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#1000 Old 07-06-2011, 08:00 PM
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I love Harry Potter and have since I was young! AMAZING series. Love both the books and movies, and can't wait for the new one.

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#1001 Old 07-06-2011, 09:18 PM
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Am I the only one who's been massively disappointed with the movies? Especially the last couple. Actually, the first two did a very good job of translating the books to the big screen, and the third was pretty good, but not perfect. It's been all downhill lately, though. I'm not sure if I'll even bother with the last one on the big screen - might just wait to watch it at home in a few months.

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#1002 Old 07-07-2011, 07:48 AM
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I think that the movies veer from the books a bit, but not in a disappointing or excessive way. Percy Jackson, anyone?

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#1003 Old 07-07-2011, 07:58 AM
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I always believed in Severus Snape.

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#1004 Old 07-07-2011, 08:18 AM
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I always believed in Severus Snape.

Me too.

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#1005 Old 07-07-2011, 12:42 PM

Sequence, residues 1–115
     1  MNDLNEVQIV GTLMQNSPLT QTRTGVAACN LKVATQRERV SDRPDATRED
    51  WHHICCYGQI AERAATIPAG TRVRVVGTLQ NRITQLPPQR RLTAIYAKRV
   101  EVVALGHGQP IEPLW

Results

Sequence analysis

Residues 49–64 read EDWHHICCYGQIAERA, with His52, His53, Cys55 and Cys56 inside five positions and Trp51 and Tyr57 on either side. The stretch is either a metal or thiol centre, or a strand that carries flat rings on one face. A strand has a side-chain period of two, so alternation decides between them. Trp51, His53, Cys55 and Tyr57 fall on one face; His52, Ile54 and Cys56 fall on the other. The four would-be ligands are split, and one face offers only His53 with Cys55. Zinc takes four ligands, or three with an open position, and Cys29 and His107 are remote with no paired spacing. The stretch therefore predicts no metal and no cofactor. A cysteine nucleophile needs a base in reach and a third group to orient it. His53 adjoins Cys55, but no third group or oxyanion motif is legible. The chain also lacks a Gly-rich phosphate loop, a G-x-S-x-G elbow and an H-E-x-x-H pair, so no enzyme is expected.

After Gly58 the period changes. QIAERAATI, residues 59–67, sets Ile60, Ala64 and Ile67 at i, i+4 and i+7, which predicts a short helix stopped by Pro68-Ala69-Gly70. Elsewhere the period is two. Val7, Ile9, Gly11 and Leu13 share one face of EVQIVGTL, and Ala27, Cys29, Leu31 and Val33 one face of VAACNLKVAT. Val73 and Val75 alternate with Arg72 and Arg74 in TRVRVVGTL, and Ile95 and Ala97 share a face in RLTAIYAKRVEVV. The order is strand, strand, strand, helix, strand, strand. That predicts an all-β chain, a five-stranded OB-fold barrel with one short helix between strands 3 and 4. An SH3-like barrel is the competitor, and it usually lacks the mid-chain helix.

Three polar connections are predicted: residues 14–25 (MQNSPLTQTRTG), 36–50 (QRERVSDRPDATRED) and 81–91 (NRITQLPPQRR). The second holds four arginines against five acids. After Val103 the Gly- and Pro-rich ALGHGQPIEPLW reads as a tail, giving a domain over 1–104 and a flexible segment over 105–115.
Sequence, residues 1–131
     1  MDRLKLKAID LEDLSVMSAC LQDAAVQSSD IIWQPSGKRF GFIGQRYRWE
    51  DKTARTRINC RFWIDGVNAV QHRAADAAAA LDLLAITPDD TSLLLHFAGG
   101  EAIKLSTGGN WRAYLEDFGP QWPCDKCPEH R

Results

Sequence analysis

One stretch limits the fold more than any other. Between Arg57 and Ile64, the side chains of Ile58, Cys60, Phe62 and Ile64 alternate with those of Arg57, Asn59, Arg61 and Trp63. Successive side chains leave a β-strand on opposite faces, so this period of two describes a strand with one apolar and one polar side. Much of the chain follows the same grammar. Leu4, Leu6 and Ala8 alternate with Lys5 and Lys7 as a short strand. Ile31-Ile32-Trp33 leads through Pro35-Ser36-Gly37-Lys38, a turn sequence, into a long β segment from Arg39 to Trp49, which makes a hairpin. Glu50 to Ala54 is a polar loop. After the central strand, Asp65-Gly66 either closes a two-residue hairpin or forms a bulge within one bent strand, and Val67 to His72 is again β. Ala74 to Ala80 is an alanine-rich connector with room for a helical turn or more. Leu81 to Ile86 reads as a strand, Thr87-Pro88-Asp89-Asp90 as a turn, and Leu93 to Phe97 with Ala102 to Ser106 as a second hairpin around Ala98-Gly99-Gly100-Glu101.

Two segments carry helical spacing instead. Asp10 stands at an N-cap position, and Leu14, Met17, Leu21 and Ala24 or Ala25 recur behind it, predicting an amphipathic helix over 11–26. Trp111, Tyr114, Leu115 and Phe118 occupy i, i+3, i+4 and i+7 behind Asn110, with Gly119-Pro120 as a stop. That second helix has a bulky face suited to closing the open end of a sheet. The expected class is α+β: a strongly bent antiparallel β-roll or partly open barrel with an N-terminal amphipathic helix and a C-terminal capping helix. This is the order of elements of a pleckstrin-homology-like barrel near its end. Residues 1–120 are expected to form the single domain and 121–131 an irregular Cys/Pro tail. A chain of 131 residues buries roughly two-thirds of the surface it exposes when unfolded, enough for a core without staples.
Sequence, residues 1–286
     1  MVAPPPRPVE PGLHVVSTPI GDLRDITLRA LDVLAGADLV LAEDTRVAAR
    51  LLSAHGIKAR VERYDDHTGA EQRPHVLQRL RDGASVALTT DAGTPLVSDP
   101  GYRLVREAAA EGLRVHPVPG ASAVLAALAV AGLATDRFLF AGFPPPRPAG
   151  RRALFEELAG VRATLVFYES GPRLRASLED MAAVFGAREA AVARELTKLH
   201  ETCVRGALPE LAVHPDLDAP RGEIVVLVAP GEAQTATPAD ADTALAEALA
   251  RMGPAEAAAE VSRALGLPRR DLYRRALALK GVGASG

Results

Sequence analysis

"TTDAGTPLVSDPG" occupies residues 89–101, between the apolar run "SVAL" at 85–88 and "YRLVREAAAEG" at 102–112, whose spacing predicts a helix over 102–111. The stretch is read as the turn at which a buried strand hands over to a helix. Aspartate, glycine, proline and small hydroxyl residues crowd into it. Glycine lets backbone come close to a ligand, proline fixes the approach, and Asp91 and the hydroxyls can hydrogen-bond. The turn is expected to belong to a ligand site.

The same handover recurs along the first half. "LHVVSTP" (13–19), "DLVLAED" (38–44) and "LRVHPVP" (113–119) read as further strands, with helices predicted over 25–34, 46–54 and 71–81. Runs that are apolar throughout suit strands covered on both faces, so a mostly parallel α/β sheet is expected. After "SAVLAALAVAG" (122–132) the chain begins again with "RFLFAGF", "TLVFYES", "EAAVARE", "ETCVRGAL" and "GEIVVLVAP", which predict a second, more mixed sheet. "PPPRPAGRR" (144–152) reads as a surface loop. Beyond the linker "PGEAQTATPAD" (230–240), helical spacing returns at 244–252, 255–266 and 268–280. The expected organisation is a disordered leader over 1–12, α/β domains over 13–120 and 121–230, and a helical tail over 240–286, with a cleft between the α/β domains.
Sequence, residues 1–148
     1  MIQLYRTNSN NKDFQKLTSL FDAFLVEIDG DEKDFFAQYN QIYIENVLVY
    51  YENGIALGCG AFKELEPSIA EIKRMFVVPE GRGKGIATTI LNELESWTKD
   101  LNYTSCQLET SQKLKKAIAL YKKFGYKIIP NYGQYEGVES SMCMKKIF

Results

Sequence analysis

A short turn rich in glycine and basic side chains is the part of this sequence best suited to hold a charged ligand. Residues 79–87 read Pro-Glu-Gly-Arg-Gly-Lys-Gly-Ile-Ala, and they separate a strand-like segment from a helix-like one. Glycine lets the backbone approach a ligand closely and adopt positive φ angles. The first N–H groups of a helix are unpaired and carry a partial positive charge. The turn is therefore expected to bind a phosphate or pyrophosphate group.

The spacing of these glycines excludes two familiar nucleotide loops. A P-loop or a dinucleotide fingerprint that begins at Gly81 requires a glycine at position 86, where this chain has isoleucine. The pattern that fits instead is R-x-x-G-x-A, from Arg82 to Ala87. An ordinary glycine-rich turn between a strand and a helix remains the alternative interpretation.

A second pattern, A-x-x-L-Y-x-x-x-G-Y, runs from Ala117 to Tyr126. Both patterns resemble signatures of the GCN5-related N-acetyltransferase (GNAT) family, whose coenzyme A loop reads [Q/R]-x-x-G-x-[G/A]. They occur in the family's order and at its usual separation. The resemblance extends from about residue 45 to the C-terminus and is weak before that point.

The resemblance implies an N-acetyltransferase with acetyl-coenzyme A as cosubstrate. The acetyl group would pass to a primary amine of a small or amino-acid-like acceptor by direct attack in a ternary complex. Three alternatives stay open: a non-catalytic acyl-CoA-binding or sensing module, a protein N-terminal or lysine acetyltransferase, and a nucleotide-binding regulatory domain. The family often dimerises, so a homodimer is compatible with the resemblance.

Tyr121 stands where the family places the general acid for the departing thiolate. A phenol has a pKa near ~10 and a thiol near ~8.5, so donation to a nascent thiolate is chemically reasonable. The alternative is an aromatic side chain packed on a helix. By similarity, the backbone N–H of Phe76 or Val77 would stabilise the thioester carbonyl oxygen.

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I always believed in Severus Snape.

I looked up all kinds of spoilers before I got the end. So I did too?
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#1006 Old 07-07-2011, 12:45 PM
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I looked up all kinds of spoilers before I got the end. So I did too?

No. BAD reneeannem.

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#1007 Old 07-07-2011, 12:48 PM
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No. BAD reneeannem.



I only read the books/watched the movies two years ago! I refused for many years, until my bf finally forced me to sit down and watch PS. Of course, I fell in love immediately, as kindness is a quality that is terribly important to me, but I have absolutely no self-control when it comes to spoilers.
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#1008 Old 07-07-2011, 04:15 PM
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Still scratching my head... what's PS? I can't think of any Harry Potter titles that match it...?

Peasant (1963-1972) and Fluffy (1970s?-1982- I think of you as 'Ambrose' now)- Your spirits outshone some humans I have known. Be happy forever.
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#1009 Old 07-07-2011, 04:18 PM